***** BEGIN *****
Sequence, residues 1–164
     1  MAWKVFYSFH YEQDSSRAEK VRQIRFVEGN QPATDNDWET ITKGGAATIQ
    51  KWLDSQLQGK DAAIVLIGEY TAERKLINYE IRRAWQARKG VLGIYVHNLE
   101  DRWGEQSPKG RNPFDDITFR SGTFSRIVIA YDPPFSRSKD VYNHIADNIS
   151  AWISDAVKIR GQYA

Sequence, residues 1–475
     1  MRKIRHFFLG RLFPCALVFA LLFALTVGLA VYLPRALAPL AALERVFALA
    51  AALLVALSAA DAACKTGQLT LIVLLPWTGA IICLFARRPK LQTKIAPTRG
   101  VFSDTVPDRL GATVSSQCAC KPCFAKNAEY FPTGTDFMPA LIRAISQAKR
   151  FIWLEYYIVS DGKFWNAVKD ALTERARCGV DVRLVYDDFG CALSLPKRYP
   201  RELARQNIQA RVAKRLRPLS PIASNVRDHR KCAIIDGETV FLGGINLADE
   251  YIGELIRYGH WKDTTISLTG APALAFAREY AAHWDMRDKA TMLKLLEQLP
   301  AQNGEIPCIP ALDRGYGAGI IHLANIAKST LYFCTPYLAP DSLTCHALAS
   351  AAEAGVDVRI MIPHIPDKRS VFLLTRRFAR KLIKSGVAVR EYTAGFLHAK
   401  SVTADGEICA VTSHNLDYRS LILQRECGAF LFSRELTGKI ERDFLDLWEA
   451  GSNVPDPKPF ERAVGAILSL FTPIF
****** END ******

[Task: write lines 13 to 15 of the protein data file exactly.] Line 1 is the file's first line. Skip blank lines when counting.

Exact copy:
   301  AQNGEIPCIP ALDRGYGAGI IHLANIAKST LYFCTPYLAP DSLTCHALAS
   351  AAEAGVDVRI MIPHIPDKRS VFLLTRRFAR KLIKSGVAVR EYTAGFLHAK
   401  SVTADGEICA VTSHNLDYRS LILQRECGAF LFSRELTGKI ERDFLDLWEA